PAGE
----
InDaily InDaily

Support InReview journalism Donate Subscribe
Support independent journalism

Theatre

The Philip Glass Trilogy: Satyagraha

Theatre

Comments
Comments Print article

Satyagraha, which completes Opera SA’s Philip Glass Trilogy, explores both musically and visually the influence of men of vision (Akhnaten, Einstein and Gandhi) and how they shaped the people around them.

This is the work that most resembles an opera in its having a leading character, some story, soloists, a chorus, and recurring themes and motifs in the score.

The text is taken from the Bhagavad Gita and sung in Sanskrit; the language, melodies and harmonies create a sound that is breath-taking and provides a truly metaphysical experience for the audience. Gandhi was a great leader who led a nation of people to independence from a colonial master through peaceful resistance, and the audience experiences vicariously the charisma and influence of the man in Satyagraha in a profound and moving way.

Mary Moore’s set consists of steps that rise as a temple upstage and provides a functional setting for designer Geoff Cobham to employ his palette of lighting effects to illuminate the cast and dancers. The various changing hues and harmony between the lighting and set reflect the serenity created by the music and dancers.

A circle of soft light dominates upstage, providing a perfect background to highlight and present Adam Goodburn, who closely resembles Gandhi as a young lawyer in a suit in 1910. From the very beginning, Goodburn establishes Gandhi as humble, proud, conscious of injustice and a leader of his people. He sings magnificently throughout and his voice resonates in the theatre just as Gandhi’s did throughout India.

Goodburn is ably supported by Deborah Caddy, as Miss Schlessen, and Naomi Hede as Mrs Naidoo, dressed in traditional yellow and orange saris which look striking against the blues. Mark Oates, as Arjuna, and Joshua Rowe, as Krishna, in non-traditional costumes, sing powerfully as they establish their influence on Gandhi. Cherie Boogart brings a strength and presence to the role of Kasturbai.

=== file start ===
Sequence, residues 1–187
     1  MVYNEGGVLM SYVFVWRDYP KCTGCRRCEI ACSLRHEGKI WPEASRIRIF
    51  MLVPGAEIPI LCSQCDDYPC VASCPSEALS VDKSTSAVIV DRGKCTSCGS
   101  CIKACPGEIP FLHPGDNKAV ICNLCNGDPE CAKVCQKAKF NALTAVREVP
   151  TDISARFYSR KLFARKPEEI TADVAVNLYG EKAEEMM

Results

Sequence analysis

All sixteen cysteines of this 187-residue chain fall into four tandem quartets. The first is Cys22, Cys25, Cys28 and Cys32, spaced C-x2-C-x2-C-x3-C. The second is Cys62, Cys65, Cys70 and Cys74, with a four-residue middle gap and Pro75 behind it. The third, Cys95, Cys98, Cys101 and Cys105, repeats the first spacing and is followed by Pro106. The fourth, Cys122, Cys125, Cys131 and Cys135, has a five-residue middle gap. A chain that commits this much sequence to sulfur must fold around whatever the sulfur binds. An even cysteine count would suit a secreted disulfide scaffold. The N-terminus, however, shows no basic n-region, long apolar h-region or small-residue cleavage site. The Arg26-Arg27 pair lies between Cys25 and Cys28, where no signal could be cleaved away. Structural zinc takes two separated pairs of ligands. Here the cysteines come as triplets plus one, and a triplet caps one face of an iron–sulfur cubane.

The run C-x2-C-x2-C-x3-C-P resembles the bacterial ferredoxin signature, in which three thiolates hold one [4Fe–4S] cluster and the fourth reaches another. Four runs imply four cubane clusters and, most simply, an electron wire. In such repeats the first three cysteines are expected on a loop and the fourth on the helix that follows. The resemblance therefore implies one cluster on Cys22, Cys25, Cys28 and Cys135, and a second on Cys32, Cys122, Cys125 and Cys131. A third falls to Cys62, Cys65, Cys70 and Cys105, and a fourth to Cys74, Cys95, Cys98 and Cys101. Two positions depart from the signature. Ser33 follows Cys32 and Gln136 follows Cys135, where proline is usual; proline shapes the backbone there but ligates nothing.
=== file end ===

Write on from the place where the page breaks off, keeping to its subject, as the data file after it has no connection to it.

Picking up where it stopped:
The chorus appears in military uniforms when Gandhi is in South Africa as he gradually learns of injustice, racial prejudice and how to resist oppression.  The defiant act of burning passbooks is slow and meditative, as is the nature of Satyagraha, which allows the audience to contemplate the power of collective action, the power of peaceful defiance and historical events of individuals overcoming injustice.

At the end of Act 2, Gandhi, now in the traditional, simple Hindu clothing we associate him with, is imprisoned with his followers; slowly, prison bars are lowered to enclose them all. Images of great beauty and political power that allow for personal introspection occur throughout this brilliantly conceived opera.

The marvelous Adelaide College of the Arts dancers, dressed in sheer body stockings tinged with blue, keep close to Gandhi and bring to life Leigh Warren’s impressive choreography as they became water, birds and animals and the spirit of the people. Cobham’s lighting often immerses the stage in soft blues, with bright yellows giving Gandhi and the dancers a celestial glow, successfully creating a possible spiritual experience for the audience.

The Adelaide Symphony Orchestra brilliantly performs the demanding orchestration and, in this opera, the demands on woodwinds and strings are great. The final image of Gandhi up high, attaining enlightenment as the dancers, in rows, smoothly shift from lotus positions to images influenced by traditional Indian movement, is a joy to behold.

The performance of Satyagraha completed the first week of the State Opera of SA’s performances of The Philip Glass Trilogy and special mention must be made of the 12 members of the chorus who performed in all three operas – an astonishing feat of concentration, skill, endurance and musicality.

Timothy Sexton, conductor and driving force behind staging the trilogy, must be exhausted and exhilarated. I hope that Her Majesty’s reverberates with the sound of enthusiastic ovations for the remainder of the season.

Satyagraha will be presented again at Her Majesty’s Theatre on August 16 and 23. Akhnaten, the first work in The Philip Glass Trilogy, will be presented again on August 12 and 19, with second work Einstein on the Beach on August 14 and 21.

Review: Philip Glass Trilogy – Akhnaten
Review: Philip Glass Trilogy – Einstein on the Beach

 

Make a comment View comment guidelines

Support local arts journalism

InReview is a ground-breaking publication providing local and professional coverage of the arts in South Australia. Your tax-deductible donation will go directly to support this independent, not-for-profit, arts journalism and critique.

Donate Here

Comments

Show comments Hide comments
Will my comment be published? Read the guidelines.

More Theatre stories

Loading next article